How Federal Sentencing Differs from State Sentencing – Insights from a Lawyer
Federal and state sentencing have some key differences that affect how criminal defendants are charged and sentenced. As a lawyer, I want to provide insights into these differences so people understand more about how the criminal justice system works in the United States.
Federal vs. State Laws
The first major difference is that federal crimes are based on violations of federal law, while state crimes are based on violations of state law.
- Federal laws apply across the entire United States and are enforced by federal agencies like the FBI, DEA, ATF, etc. Common federal crimes include drug trafficking, immigration violations, computer hacking, and financial fraud.
- State laws vary between states and are enforced by state and local police. Common state law crimes include assault, robbery, rape, murder, and other violent offenses.
So if you’re charged with illegally crossing the border, it will be a federal case, but if you’re charged with assault, it will likely be a state case. The key is looking at which law is alleged to have been broken.
Federal vs. State Courts
Since federal and state laws are different, if you are charged with a crime, the case will proceed in either the federal court system or the state court system, not both.
- Federal criminal cases are handled in federal district courts by federally-appointed judges. U.S. Attorneys prosecute on behalf of the federal government.
- State criminal cases are handled in state courts by elected state judges. Local prosecutors like district attorneys handle the cases on behalf of the state.
The two court systems have different rules, procedures, and forms of evidence that lawyers must understand thoroughly in order to provide the best defense.
One of the biggest differences between federal and state criminal cases is the sentencing, or punishments that can be imposed if convicted.
- Federal sentences tend to be much harsher overall compared to state sentences for similar crimes. There are several reasons for this:
- Mandatory minimum sentences – federal law requires minimum prison terms for many crimes that limit judicial discretion.
- Sentencing guidelines – federal judges must calculate sentencing ranges according to strict guidelines. While they aren’t mandatory, most sentences fall within the range.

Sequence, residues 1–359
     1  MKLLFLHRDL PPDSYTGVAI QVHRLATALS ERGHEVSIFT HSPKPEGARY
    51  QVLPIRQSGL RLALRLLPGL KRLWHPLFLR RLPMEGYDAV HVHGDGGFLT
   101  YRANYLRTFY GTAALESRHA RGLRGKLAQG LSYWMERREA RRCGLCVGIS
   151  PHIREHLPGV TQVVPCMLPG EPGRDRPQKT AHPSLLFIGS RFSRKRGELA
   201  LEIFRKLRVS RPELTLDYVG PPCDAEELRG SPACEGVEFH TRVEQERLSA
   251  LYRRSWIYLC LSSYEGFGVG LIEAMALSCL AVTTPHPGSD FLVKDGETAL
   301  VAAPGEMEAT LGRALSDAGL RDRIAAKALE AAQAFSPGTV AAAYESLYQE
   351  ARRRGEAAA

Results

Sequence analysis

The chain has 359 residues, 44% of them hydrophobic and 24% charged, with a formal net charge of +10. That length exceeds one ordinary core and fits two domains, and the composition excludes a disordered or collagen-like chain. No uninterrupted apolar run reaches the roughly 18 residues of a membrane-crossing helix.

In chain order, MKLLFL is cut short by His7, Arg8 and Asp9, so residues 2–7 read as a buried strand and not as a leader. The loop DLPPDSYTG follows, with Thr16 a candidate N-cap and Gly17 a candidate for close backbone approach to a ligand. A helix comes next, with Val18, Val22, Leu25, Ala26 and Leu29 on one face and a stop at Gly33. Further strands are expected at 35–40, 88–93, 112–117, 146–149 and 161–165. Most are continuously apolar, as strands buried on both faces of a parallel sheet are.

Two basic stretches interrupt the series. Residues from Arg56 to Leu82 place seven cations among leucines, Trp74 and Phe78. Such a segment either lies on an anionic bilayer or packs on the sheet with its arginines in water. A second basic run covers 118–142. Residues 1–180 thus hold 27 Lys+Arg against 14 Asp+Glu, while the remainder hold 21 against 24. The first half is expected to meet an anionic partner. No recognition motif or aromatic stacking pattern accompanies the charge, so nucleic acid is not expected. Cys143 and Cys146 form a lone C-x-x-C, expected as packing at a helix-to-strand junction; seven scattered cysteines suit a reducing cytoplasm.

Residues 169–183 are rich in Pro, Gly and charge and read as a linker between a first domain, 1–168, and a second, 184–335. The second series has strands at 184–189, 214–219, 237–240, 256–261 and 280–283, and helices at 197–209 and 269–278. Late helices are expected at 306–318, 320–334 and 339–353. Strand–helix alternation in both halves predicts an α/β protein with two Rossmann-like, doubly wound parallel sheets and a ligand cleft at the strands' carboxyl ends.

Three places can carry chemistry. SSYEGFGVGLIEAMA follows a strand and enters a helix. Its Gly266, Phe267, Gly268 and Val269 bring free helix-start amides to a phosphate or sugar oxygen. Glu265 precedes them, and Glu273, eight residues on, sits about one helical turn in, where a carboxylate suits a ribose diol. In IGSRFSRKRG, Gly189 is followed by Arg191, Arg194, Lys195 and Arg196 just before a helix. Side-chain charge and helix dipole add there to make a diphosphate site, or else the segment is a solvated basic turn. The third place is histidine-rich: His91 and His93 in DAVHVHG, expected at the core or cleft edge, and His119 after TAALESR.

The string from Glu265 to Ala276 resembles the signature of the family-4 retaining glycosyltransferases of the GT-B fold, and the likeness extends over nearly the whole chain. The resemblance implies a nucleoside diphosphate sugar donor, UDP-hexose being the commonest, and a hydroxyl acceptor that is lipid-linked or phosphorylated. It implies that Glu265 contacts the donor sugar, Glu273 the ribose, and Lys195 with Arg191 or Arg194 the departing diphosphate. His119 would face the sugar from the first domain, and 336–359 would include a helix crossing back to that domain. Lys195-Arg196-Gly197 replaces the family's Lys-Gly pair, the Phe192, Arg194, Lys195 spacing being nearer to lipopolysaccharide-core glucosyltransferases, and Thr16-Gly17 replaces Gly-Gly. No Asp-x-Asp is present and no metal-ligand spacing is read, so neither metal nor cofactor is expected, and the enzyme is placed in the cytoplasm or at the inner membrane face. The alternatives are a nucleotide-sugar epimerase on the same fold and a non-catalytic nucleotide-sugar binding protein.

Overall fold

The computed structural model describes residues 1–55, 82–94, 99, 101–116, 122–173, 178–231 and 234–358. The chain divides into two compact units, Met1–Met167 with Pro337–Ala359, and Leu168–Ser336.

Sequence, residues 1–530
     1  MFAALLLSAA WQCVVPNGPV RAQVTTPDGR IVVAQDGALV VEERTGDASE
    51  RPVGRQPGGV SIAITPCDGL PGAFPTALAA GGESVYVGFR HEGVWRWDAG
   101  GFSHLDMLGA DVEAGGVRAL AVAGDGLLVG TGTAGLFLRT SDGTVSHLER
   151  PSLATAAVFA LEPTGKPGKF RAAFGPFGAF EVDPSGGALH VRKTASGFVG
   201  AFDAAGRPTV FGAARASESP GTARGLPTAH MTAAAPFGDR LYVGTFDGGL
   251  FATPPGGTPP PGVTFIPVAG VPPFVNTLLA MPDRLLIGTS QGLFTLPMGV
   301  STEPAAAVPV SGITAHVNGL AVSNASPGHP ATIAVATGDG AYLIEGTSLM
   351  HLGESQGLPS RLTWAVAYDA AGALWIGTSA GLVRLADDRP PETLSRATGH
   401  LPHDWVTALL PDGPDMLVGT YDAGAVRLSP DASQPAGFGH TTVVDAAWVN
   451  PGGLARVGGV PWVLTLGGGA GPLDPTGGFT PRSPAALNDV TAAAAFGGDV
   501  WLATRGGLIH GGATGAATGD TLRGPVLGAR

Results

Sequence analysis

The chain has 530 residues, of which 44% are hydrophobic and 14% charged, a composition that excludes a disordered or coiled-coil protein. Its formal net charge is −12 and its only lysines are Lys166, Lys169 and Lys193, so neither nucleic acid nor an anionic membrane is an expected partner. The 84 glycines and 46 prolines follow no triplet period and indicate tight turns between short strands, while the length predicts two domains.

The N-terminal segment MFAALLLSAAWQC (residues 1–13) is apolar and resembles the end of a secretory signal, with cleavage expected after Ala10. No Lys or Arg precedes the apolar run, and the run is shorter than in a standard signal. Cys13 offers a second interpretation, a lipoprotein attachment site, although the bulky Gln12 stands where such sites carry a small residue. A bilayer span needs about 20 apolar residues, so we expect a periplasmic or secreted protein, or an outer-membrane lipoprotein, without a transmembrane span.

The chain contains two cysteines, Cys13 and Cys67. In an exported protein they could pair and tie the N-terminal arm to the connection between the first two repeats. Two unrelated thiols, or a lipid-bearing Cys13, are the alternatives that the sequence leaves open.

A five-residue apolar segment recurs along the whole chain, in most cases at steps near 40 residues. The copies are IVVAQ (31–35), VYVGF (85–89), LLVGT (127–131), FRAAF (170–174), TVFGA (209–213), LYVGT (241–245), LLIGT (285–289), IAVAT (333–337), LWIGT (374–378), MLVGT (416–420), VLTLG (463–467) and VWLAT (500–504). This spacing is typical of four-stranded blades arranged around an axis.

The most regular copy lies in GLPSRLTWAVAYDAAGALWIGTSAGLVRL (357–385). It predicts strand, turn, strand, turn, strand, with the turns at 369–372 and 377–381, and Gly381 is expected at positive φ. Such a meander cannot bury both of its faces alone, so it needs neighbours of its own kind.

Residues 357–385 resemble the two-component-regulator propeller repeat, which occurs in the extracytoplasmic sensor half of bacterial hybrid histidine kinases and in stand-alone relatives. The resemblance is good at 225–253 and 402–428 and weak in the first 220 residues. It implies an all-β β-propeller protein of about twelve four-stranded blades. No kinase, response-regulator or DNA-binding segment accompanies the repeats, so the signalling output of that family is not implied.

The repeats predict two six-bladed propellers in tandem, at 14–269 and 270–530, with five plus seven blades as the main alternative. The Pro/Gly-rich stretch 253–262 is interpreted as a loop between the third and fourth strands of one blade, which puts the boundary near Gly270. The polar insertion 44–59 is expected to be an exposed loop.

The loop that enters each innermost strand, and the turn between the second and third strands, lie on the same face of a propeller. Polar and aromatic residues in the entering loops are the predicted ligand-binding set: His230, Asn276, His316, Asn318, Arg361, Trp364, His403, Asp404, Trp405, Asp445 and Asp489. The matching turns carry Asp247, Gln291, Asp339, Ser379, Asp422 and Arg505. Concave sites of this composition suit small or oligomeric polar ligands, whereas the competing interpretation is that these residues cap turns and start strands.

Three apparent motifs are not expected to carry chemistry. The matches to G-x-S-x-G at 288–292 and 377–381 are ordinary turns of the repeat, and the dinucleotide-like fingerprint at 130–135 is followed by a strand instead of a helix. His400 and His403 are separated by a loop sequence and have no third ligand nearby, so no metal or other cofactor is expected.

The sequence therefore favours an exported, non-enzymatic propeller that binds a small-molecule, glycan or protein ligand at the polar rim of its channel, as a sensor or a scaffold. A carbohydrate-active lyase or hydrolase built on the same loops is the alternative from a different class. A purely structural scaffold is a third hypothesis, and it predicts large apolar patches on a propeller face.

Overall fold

- No parole – federal prisoners cannot be released early on parole like state prisoners often are. They must serve at least 85% of their sentence.
- State sentences vary widely depending on the state’s laws. Judges often have more flexibility and discretion in sentencing compared to federal judges. Many states allow parole as well.
For example, a drug trafficking offense will likely result in a decade or more in federal prison, while the same offense could potentially lead to just 1-3 years in the state system. The disparity in sentencing is very significant.
Impact on Defendants
These differences between federal and state prosecution have a huge impact on criminal defendants. Here are some key implications:
- Higher conviction rates – Around 90% of federal cases end in conviction due to mandatory minimums pressuring defendants to plead guilty. The conviction rate in state courts is much lower, around 68% .
- Less chance of early release – Parole provides state prisoners an incentive to rehabilitate in hopes of early release. No parole removes this incentive in the federal system.
- Different prison conditions – Federal prisons generally house non-violent offenders in safer conditions compared to state prisons. But prisoners are sent further from home.
- Longer consequences – Federal convictions often carry longer consequences like probation, fines, and loss of civil rights.
- Higher costs – The average cost to defend against federal charges is around $25,000 compared to $7,000 for state charges. Appeals are also more complex and expensive.
How an Experienced Lawyer Can Help
As you can see, the differences between state and federal criminal prosecution are significant. The long federal prison sentences in particular make the stakes extremely high.
Having an experienced federal criminal defense lawyer is critical to understand how to navigate the complex federal sentencing rules and advocate effectively for the lowest possible sentence under the guidelines. This can potentially knock years off a sentence.
An experienced lawyer will also know how to identify any constitutional or procedural issues that could lead to evidence being suppressed or charges reduced or dismissed. And in some cases, they may be able to negotiate with prosecutors to get charges filed in state court instead of federal court.
I’ve defended clients against both federal and state charges over my career. Please don’t hesitate to reach out if you or a loved one are facing federal charges. My team and I will thoroughly review the case and outline the best defense strategy to mitigate the risks. The worst thing you can do is go it alone against the power of the federal government.